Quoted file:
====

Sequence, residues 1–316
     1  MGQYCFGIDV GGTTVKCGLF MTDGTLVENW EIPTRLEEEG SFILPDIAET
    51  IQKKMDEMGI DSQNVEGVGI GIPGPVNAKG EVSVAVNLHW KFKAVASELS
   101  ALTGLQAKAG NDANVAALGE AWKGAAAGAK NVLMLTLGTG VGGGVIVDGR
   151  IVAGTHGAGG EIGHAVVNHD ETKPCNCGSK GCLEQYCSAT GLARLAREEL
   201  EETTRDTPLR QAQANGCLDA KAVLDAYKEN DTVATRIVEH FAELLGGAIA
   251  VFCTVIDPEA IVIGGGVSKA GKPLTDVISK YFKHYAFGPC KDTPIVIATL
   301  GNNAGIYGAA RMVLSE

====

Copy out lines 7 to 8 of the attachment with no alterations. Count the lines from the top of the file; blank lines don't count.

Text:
   251  VFCTVIDPEA IVIGGGVSKA GKPLTDVISK YFKHYAFGPC KDTPIVIATL
   301  GNNAGIYGAA RMVLSE